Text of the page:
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Disordered Eating: 9 Signs of an Unhealthy Relationship with Food

This week, the Savvy Psychologist reveals 9 signs of disordered eating so prevalent they pass as “normal”--plus 4 tips on how to improve your relationship with food, and your body.

By
Ellen Hendriksen, PhD
5-minute read
Episode #35

Disordered Eating Sign #3: The Tyranny of the Scale

You weigh yourself daily or several times a day, and the resulting number on the scale impacts your mood or sense of worth.  If you can’t weigh yourself, like when staying at a hotel, you feel anxious, and if you gain a pound, you feel really anxious.

Disordered Eating Sign #4: Rigid Exercise

You have a set-in-stone exercise routine, and when you can’t follow it, you get stressed. You may exercise even when you’re sick, exhausted, or injured. Your exercises are strategically chosen based on how many calories they burn.  Likewise, when you exercise, you measure by calories; for example, you might run on a treadmill until you’ve burned your “required” number of calories, or have "compensated" for eating a dessert.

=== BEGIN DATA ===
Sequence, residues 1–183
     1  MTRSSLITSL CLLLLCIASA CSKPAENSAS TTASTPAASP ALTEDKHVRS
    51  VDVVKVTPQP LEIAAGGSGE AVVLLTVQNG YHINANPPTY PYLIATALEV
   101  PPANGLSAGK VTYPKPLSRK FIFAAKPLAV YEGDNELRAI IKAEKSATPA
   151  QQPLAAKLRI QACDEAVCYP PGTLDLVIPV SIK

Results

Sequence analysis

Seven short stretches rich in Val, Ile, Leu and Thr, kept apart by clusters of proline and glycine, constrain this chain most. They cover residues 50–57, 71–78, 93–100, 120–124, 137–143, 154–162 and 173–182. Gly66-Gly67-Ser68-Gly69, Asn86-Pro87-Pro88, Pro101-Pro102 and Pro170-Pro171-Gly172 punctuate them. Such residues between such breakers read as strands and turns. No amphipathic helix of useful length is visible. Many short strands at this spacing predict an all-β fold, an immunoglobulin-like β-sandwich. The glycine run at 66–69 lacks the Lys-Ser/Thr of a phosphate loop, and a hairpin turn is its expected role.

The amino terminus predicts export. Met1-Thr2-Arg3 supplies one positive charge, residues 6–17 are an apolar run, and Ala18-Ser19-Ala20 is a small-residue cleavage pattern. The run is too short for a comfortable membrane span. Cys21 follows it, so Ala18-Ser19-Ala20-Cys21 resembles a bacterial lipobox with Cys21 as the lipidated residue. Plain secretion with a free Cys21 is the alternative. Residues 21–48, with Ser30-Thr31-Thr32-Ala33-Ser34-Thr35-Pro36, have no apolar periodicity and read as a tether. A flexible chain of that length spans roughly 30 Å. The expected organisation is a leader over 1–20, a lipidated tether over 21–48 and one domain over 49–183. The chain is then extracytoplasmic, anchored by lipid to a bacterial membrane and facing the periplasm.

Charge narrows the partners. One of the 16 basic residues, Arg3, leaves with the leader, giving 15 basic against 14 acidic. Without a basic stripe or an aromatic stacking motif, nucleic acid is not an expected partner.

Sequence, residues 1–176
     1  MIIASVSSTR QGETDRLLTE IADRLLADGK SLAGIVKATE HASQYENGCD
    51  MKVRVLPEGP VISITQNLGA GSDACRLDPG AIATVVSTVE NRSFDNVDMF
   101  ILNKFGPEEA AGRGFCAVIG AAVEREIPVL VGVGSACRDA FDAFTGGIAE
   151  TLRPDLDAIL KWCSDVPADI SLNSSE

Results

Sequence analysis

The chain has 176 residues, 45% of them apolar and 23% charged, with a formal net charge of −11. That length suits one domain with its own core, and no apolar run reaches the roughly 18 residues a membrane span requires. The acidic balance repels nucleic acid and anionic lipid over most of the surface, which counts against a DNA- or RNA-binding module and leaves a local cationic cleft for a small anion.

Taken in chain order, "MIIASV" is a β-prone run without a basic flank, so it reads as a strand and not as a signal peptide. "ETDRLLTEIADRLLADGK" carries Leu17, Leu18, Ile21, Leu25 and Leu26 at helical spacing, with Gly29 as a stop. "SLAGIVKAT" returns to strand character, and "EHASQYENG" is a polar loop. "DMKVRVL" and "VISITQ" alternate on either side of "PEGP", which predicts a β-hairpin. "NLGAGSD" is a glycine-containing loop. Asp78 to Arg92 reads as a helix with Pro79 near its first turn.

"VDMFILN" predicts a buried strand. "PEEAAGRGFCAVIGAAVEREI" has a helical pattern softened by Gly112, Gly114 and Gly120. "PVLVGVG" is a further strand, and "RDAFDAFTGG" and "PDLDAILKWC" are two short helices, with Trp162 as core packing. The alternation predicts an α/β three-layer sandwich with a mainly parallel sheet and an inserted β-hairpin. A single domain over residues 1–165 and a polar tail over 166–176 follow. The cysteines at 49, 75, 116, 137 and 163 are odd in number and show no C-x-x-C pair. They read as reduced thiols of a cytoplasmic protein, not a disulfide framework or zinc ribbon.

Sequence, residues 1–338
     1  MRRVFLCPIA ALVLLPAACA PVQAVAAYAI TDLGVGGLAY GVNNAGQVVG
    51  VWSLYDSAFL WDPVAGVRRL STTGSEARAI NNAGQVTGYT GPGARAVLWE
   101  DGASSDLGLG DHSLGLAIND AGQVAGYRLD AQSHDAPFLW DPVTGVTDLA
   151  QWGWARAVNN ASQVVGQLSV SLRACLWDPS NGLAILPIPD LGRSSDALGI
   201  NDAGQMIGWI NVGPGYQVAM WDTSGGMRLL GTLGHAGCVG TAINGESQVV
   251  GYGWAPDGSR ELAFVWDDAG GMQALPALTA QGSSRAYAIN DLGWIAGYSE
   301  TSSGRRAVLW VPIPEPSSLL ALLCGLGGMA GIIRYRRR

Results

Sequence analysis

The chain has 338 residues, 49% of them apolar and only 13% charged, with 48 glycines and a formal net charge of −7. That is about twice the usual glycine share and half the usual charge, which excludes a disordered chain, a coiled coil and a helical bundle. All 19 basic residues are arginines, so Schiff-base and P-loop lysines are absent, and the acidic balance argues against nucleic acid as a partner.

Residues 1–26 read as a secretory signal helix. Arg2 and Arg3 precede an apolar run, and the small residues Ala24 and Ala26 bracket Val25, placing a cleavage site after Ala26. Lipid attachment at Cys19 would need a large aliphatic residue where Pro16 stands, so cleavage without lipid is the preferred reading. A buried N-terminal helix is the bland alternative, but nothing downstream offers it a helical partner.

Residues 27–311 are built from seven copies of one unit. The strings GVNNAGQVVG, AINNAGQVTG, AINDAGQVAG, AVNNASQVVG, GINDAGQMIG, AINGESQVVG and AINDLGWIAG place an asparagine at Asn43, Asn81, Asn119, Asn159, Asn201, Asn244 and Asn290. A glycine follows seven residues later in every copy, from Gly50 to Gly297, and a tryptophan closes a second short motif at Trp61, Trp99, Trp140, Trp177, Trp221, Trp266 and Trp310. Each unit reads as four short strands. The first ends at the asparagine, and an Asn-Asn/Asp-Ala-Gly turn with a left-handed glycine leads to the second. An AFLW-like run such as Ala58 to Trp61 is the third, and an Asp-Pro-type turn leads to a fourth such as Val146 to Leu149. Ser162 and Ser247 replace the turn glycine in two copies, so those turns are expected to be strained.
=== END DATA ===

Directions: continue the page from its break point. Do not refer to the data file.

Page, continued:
Disordered Eating Sign #5: The Mental Screen Saver

You think about food all the time. Food or weight is your “mental screen saver”—what you think about by default, when you’re not distracted by something else. And planning, obtaining, preparing, or consuming food takes up a lot of your time, and makes you anxious.

Disordered Eating Sign #6: Mismatch Between Weight, Shape, and Perceptions

Your weight falls within a healthy, or even an underweight, range, but you think you’re too fat. Thinking about your thighs, stomach, or another body part has the power to send your mood plummeting.

Disordered Eating Sign #7: Strategic Substitutions

You eat lots of non-caloric foods like diet drinks, sugar-free Jell-O, gum, tea, coffee, or ice to try to save calories. In addition, you might use caffeine—or smoke—as an appetite suppressant.

Disordered Eating Sign #8: Public Versus Private

You might eat like a bird in public, and then pig out at home or in your car. You might avoid eating out so you can control your eating, or you may get anxious about social situations where there is food, like a potluck, picnic, or party.

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All content here is for informational purposes only. This content does not replace the professional judgment of your own mental health provider. Please consult a licensed mental health professional for all individual questions and issues.

About the Author

Ellen Hendriksen, PhD

Dr. Ellen Hendriksen is a clinical psychologist at Boston University's Center for Anxiety and Related Disorders (CARD). She earned her Ph.D. at UCLA and completed her training at Harvard Medical School. Her scientifically-based, zero-judgment approach is regularly featured in Psychology Today, Scientific American, The Huffington Post, and many other media outlets. 

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